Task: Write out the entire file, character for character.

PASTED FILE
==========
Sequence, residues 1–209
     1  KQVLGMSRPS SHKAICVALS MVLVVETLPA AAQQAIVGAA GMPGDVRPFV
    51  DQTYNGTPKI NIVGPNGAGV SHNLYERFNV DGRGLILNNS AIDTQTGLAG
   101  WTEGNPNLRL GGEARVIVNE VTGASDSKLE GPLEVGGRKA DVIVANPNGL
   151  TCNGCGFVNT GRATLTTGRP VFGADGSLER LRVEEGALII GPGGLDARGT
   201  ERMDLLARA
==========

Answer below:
Sequence, residues 1–209
     1  KQVLGMSRPS SHKAICVALS MVLVVETLPA AAQQAIVGAA GMPGDVRPFV
    51  DQTYNGTPKI NIVGPNGAGV SHNLYERFNV DGRGLILNNS AIDTQTGLAG
   101  WTEGNPNLRL GGEARVIVNE VTGASDSKLE GPLEVGGRKA DVIVANPNGL
   151  TCNGCGFVNT GRATLTTGRP VFGADGSLER LRVEEGALII GPGGLDARGT
   201  ERMDLLARA